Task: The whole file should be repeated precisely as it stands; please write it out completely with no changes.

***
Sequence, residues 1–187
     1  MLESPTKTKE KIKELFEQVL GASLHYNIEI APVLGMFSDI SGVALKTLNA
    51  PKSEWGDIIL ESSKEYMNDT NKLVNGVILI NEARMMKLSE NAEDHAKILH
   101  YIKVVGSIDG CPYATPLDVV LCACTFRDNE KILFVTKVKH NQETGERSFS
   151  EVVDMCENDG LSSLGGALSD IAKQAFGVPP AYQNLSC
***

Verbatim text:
Sequence, residues 1–187
     1  MLESPTKTKE KIKELFEQVL GASLHYNIEI APVLGMFSDI SGVALKTLNA
    51  PKSEWGDIIL ESSKEYMNDT NKLVNGVILI NEARMMKLSE NAEDHAKILH
   101  YIKVVGSIDG CPYATPLDVV LCACTFRDNE KILFVTKVKH NQETGERSFS
   151  EVVDMCENDG LSSLGGALSD IAKQAFGVPP AYQNLSC